Village members prepared weeks in advance to protect their community
BAŠELJ, Slovenia — Taking proactive steps to help their community face the challenges of the current global health crisis, youth and adults in this small village of some 450 people have been finding creative ways to share information and arrange for access to necessities.
Three weeks ago, a group of youth participating in Baha’i educational programs that develop capacities for service to society took action to help mitigate the spread of the coronavirus disease (COVID-19).
“When our group was reflecting on how it could serve our community,” says one of the youth, “we all thought about the coronavirus. Everyone was worried about it even though it had not reached our village yet. So we decided to help inform people about what they could do about the situation.”
Finding reliable information online from the country’s National Institute of Public Health, they made a poster sharing the steps each individual could take to prevent the transmission of the disease, and displayed it prominently in a public place.
Not long after, as measures to reduce physical contact came into effect in the area, it was necessary to find a way for people to access food and other supplies while avoiding physical contact.
“In a village,” says Aleksandra, a Baha’i who lives in the community, “we come together when there is a need and find a way to address it.”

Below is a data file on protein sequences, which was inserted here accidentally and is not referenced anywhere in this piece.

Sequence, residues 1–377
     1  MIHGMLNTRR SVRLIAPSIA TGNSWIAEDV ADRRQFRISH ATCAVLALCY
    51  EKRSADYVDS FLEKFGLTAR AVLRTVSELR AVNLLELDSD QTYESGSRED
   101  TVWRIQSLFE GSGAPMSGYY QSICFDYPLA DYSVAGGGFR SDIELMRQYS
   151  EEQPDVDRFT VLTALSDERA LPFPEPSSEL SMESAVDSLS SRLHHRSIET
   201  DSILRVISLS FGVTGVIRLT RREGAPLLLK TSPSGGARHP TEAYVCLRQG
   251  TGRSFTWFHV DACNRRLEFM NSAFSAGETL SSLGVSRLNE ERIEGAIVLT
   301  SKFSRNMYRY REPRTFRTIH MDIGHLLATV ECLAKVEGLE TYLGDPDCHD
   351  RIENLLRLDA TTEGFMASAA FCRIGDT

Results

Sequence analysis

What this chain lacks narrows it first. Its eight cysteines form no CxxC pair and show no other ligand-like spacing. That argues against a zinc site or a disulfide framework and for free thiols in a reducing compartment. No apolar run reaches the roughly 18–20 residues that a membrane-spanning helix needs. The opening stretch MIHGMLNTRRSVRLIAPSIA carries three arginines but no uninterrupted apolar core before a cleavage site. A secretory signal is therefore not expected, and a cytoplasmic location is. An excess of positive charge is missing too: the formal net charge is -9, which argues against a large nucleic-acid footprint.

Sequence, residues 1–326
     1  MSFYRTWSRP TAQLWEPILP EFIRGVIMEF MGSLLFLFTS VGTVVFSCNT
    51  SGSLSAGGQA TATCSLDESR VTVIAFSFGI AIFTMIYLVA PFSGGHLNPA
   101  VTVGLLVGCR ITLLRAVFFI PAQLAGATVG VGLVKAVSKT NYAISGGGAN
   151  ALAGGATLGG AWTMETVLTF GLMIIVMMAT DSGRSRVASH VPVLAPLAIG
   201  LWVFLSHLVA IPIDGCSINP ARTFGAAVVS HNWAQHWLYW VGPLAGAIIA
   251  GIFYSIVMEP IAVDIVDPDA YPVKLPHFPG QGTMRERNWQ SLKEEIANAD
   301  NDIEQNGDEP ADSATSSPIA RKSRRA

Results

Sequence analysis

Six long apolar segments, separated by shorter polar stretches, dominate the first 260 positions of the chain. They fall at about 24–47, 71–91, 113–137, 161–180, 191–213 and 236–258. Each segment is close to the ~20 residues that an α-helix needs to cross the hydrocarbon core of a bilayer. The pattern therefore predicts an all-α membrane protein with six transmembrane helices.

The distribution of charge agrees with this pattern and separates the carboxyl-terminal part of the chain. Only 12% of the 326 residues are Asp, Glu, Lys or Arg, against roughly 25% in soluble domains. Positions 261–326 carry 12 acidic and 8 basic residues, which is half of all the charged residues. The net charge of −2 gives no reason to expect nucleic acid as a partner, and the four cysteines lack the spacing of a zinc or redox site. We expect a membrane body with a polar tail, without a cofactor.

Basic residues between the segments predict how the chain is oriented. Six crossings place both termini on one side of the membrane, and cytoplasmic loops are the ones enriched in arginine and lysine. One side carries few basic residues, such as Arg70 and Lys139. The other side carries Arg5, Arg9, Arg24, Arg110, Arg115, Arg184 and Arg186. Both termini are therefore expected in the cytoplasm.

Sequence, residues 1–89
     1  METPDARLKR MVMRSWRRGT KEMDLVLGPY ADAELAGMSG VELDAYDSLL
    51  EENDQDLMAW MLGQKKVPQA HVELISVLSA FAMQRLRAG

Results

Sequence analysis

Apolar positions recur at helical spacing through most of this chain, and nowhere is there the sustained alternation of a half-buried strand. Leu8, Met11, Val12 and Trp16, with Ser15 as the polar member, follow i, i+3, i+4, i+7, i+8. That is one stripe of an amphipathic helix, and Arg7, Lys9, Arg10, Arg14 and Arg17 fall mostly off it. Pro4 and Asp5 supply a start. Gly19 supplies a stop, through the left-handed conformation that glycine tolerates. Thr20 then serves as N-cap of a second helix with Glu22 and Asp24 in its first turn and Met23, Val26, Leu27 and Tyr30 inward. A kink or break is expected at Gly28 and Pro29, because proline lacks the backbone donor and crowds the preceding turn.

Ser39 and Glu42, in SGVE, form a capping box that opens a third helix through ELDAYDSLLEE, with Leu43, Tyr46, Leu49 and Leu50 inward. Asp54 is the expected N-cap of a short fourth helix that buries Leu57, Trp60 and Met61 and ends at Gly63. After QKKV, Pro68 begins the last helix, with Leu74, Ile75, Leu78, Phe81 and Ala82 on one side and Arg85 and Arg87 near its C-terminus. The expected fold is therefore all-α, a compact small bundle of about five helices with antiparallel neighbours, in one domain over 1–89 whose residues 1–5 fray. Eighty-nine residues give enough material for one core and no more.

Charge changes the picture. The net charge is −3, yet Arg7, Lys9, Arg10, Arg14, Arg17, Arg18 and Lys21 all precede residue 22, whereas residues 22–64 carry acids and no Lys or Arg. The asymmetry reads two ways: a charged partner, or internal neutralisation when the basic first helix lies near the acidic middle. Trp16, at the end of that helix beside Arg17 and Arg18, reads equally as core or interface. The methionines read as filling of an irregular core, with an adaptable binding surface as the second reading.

She reached out to food and produce delivery businesses whose usual customers, mostly restaurants, no longer had the same need. Finding that these businesses were happy to deliver to homes, she was able to let the entire village know about these services through an online group they had established to convey news.
These efforts to enable food delivery in a way that would minimize contact were reinforced when the mayor of Bašelj invited local farmers to offer their produce directly through the municipality.
Members of the Baha’i community have observed that people are having conversations about the importance of unity, collaboration, family and friends; the need for spiritual renewal, less materialism, and a greater consciousness of how we can each contribute to our society.
“This is a small place where people have long been serving together regardless of differences in their religion or race” says Aleksandra. “We try to have universal collaboration. But even here, this period is different, and most of us see it as a time to reflect on how we live our lives. People see the world is very interconnected: whether something happens here or farther away, sooner or later it will affect us.”